According to these statistics, Rottweilers are responsible for around 30 fatalities in the last three decades. Now, that’s 30 deaths too many, but still, let’s put this into perspective: 450 people die each year in the US from falling out of bed, and around 6,000 in the US die every year from texting while driving!
Making Sense Of Fatal Dog Attack Statistics
Here are a few facts to keep in mind:
• The majority of victims were very young or pretty old (under ten years or over 75) and therefore more vulnerable. While this in no way excuses or justifies the tragic events, it makes death a more likely outcome from a purely cold and practical viewpoint.
• Other breeds of dogs appear on the list that you wouldn’t expect, including the Jack Russel, English Sheepdog, and Labrador Retriever!
• In 90% of cases, humans were to blame: many attacks involved dogs kept chained or tied up outside, children left alone in the home or backyard with dogs unsupervised, and some were not trained or socialized. Some dogs tested positive for substances like cocaine. Many were trained as guard dogs or deliberately taught to be aggressive.
• A large number of these attacks involve backyard breeders keeping poorly bred dogs in appalling conditions.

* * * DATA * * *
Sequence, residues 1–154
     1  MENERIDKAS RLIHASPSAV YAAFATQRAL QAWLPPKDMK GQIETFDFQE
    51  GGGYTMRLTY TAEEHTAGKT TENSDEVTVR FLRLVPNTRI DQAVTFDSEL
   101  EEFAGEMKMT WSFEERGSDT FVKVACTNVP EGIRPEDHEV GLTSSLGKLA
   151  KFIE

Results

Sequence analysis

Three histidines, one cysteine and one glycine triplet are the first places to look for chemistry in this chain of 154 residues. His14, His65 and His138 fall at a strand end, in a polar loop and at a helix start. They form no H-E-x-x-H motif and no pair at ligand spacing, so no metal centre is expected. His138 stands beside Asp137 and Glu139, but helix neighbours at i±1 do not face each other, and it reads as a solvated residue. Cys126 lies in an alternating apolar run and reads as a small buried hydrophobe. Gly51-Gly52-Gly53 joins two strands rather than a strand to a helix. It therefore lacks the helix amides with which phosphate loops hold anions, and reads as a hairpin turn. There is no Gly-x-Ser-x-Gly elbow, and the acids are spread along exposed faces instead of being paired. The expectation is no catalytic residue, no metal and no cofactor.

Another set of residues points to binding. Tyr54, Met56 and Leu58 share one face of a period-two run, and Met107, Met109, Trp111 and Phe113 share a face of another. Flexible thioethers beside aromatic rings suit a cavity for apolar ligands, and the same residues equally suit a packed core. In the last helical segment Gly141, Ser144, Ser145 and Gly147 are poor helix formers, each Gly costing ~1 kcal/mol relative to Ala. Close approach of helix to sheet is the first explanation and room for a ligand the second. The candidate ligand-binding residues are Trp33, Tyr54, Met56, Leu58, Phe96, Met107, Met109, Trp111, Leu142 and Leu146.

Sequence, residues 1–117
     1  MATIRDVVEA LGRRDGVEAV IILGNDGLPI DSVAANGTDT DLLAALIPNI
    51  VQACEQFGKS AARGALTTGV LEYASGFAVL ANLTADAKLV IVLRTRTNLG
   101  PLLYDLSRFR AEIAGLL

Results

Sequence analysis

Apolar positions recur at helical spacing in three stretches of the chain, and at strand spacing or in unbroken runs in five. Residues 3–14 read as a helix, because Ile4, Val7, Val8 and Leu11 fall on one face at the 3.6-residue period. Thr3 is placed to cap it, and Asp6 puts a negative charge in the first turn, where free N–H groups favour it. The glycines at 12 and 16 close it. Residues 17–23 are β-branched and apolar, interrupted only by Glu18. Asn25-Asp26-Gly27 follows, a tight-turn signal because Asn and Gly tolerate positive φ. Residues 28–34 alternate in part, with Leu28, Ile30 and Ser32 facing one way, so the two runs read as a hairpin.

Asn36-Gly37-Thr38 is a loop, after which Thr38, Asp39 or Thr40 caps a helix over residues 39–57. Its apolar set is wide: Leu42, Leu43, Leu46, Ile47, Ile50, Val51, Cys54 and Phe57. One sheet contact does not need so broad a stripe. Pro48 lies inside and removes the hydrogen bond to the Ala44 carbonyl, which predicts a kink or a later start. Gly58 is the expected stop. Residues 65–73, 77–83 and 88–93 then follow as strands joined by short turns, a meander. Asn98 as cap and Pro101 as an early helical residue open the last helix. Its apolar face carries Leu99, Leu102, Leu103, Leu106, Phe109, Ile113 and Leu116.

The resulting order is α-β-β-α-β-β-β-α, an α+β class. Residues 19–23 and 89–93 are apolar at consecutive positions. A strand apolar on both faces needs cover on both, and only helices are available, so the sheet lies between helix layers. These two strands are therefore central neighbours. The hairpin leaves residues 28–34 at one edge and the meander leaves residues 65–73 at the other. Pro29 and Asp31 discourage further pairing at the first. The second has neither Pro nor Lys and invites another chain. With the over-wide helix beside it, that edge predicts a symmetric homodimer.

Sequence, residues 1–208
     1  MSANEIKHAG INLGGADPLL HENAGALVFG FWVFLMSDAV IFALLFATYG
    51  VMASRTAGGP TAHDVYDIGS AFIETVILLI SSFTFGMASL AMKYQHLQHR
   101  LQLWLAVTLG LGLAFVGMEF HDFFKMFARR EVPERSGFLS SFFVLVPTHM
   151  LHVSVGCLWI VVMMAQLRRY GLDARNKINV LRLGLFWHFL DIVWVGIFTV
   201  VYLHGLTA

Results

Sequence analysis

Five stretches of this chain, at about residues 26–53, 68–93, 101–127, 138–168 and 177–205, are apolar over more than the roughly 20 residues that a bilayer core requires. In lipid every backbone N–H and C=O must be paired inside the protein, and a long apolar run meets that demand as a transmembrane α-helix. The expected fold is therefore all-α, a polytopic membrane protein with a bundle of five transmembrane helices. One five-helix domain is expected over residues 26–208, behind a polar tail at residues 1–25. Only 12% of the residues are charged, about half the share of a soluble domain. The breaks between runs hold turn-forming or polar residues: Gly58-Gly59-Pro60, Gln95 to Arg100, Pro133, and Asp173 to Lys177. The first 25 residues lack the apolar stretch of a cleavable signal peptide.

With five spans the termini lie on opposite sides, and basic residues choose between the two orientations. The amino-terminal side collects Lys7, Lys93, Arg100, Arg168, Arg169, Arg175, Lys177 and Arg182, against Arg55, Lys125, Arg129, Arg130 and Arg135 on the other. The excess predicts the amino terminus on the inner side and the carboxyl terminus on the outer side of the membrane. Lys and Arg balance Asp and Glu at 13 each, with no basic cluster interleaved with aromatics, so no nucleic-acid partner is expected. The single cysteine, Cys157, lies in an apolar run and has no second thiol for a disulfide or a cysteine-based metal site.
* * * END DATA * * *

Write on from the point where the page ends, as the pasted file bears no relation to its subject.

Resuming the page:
• The vast majority of attacks were by Pitbull-type dogs (and that’s a subject in itself!).
• Some deaths were due to secondary complications, such as heart attack, septicemia (blood poisoning), or rabies, rather than the actual attack.
• In several cases, the victims entered the dog’s territory, either intent on a criminal act or to retrieve something.
• A large proportion of cases involved packs of dogs that had escaped from their yards or cages or were never traced (they may have been strays or dogs living wild).
• Many attacks appear to have been triggered by fights or arguments involving humans.
Although these facts bring more context, the main point is that we need to learn from each tragic case: any dog can be dangerous in certain circumstances.
Dog owners must take more responsibility, and people need to be educated on raising and caring for dogs if we are to avoid these horrific incidents in the future.